Common Name(s): Black Sage
Scientific Name: Salvia mellifera
Family: Lamiaceae (Mint)
Plant Type: Perennial Evergreen Shrub
Size: 3-6’ Tall and various sizes in width
Black sage is Native to Southern California and Mexico and grows between sea level and 1200 meters. Visit the Dunes Center to see this wonderful native plant in person! (more…)
The Belted Kingfisher (Megaceryle alcyon) is our choice for this month’s “Dunes in Flight.” Kingfishers can be found throughout North America and have even been found in far off exotic regions like the Galapagos Islands and the Hawaiian Islands. Although they are widespread, they are not a particularly common sight. Lucky birders will most likely observe this species near bodies of fresh and brackish waters. There is a good chance of spotting this species at Oso Flaco Lake. (more…)
Building Bird Boxes for the Western Bluebird (more…)
The Great Blue Heron (Ardea herodias) is our bird of choice for this month’s “Dunes in Flight.” This heron’s range is extensive across North America, and several individuals may be spotted throughout the Guadalupe-Nipomo Dunes Complex on any given day, particularly near bodies of water. They appear blue-gray with a wide black stripe over the eye. Primary flight feathers are a deep blue, while the forewing is pale or gray. Its wingspan is about 6 feet, and despite being up to 4 feet tall, it is a relatively lightweight bird at around 5 lbs.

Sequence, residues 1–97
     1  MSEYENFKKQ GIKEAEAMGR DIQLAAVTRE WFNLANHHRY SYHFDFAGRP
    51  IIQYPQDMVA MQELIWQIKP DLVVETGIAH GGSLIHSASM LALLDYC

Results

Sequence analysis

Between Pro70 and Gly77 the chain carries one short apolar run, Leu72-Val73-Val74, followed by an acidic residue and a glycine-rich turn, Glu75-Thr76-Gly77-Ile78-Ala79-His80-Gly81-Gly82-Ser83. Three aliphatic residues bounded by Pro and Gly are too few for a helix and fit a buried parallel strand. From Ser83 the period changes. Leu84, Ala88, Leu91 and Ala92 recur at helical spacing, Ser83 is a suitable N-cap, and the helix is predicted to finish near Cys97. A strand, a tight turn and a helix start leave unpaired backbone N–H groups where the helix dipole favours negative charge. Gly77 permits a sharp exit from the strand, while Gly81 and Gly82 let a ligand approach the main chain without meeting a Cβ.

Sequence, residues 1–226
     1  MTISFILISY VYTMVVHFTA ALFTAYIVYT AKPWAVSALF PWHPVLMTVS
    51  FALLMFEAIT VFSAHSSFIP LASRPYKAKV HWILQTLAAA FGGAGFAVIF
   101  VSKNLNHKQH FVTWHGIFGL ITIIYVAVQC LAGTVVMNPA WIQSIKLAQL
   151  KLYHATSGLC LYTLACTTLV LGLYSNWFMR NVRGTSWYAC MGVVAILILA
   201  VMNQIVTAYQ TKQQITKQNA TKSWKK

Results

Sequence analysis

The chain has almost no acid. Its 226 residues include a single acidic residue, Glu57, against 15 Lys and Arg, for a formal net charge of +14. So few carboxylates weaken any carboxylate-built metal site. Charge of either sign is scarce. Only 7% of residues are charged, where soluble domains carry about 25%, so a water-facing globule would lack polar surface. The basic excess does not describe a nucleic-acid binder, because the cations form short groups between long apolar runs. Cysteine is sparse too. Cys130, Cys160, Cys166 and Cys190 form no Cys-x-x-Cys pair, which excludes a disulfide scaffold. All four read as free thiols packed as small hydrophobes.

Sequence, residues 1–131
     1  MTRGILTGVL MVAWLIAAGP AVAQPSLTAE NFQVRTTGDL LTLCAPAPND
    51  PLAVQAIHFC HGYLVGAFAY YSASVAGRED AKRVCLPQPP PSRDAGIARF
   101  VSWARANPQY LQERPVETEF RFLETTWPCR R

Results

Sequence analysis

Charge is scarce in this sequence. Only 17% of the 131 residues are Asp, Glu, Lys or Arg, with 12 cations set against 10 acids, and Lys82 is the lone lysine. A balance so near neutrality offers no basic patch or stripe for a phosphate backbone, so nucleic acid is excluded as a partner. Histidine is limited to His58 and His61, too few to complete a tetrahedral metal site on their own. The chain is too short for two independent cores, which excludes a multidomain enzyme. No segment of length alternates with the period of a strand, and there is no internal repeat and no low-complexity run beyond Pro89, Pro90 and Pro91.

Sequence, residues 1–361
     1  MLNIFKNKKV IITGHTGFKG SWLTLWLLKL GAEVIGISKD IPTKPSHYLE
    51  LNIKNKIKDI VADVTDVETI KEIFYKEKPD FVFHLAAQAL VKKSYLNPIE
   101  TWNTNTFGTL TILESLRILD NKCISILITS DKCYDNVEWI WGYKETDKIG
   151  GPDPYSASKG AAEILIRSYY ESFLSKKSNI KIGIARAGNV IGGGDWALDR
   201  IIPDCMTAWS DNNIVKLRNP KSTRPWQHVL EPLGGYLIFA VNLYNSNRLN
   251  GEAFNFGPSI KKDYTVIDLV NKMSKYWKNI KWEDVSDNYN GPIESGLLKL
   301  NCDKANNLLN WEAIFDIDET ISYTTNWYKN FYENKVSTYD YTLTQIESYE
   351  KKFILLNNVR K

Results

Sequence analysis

Kiersten Demmond is an exceptional member of the Dunes Center’s educational team. Kiersten is a Liberal Studies and Studio Art student at Cal Poly San Luis Obispo, and has been working specifically on the Dunes Center’s Creative Writing program, teaching students about natural science, different mediums of art, and integrating the two disciplines in her lessons. In her spare time, Kiersten enjoys hiking, spending time with friends, and exploring new mediums of art. Kiersten has been able to pursue subjects she is passionate about through the Dunes Center’s environmental education internship.
For the month of January, our chosen plant of the month is Marsh Sandwort, known scientifically as Arenaria paludicola. Marsh Sandwort has a very limited range, and has been federally listed as an endangered species since 1993.